1.8 We recognise that the detailed technical specification of the wireless communication protocols between the devices, and the communications protocols between the devices and databases, is a matter for industry. For this reason, our proposals are technology neutral and apply only to those functionalities of the devices which have a bearing on managing the impact of harmful interference.
1.9 Our proposed framework for the operation of white space devices in the UK would be implemented through a package of different instruments which collectively set out the regulatory requirements and technical specifications for such devices. This proposed package of instruments includes an example of what the statutory instrument (SI) setting out the terms of the licence exemption might look like, a draft interface requirement (IR) document, and a draft voluntary national specification (VNS). These documents are published alongside this consultation.
1.10 Finally, we note that this is a consultation on device requirements. Nevertheless, some of the functionalities of qualifying white space databases are also described here, in so far as these relate to the databases interactions with the devices. The full requirements for the operation of the databases are outside the scope of this consultation and will be the subject of future engagement with stakeholders.
1.11 This consultation, published on 22 November 2012, lasts for seven weeks. The closing date for responses is 10 January 2013.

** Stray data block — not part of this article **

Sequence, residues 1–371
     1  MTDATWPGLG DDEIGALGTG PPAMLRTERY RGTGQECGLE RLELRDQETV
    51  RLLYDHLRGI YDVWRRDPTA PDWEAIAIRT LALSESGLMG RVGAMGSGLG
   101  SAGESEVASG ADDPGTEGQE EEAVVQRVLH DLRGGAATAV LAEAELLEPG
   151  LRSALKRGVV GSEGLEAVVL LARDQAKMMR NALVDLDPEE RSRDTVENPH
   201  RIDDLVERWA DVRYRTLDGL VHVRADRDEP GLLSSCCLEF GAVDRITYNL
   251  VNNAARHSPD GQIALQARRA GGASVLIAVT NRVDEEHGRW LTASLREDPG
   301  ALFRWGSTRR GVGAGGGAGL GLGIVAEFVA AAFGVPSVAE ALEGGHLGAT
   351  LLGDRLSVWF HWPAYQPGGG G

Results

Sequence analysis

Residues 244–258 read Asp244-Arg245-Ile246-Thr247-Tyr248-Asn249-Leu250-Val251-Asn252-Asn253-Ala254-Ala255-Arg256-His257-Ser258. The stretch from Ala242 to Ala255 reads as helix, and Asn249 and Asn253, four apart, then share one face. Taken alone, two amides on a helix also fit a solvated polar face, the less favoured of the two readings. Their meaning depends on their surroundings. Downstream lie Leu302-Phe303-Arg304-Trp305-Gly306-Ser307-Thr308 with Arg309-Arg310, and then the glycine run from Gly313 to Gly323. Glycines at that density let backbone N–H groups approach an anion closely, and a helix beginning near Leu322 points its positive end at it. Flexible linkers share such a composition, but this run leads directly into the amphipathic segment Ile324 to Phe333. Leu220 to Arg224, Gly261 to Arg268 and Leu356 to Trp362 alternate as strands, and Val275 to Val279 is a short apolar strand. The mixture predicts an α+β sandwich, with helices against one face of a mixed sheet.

1.12 We welcome stakeholder comments on the proposals presented in this document. We recognise the technical complexity and importance of the issues, and we will conduct a stakeholder workshop(-6-) on 3 December 2012 to allow stakeholders to express their views on the proposals we have put forward.
1.13 Following this consultation, we will amend, where appropriate, the example SI and draft IR, and VNS to take account of stakeholder responses. As soon as possible once this exercise is complete, we intend to notify the European Commission of our draft regulations and device specifications as collated in the three documents above. This process is in accordance with the European Union rules on national technical regulations. In parallel, we will also publish a statement on the outcome of the present consultation. We hope to be able to do these in the first quarter of 2013.
1.14 Following the notification(-7-) to the European Commission and expiry of the three month European standstill period, and subject to no detailed opinions being received from the European Commission or any Member State, we will be in a position to undertake the one month statutory UK consultation on the draft SI. We intend to do this once the first databases have successfully undergone Ofcom's qualification process. This will be followed by a statement on the adoption of the SI.
1.15 See Section 8 for further details of our stakeholder engagement plans with regards to other aspects relating to the authorisation of the use of white spaces in the UHF TV band.
3.- The use of the 600 MHz cleared spectrum (550606 MHz) by white space devices has been addressed as part of Ofcom's UHF Strategy consultation. See: http://stakeholders.ofcom.org.uk/consultations/uhf-strategy/statement/.
5.- We anticipate setting out in a database contract the various qualifications which a database must meet before it can be included in Ofcom's list of qualifying white space databases. This is necessary since, as explained in this document, white space devices cannot operate in TV white spaces unless they do so in accordance with the frequency/power parameters that they must obtain from a qualifying white space database.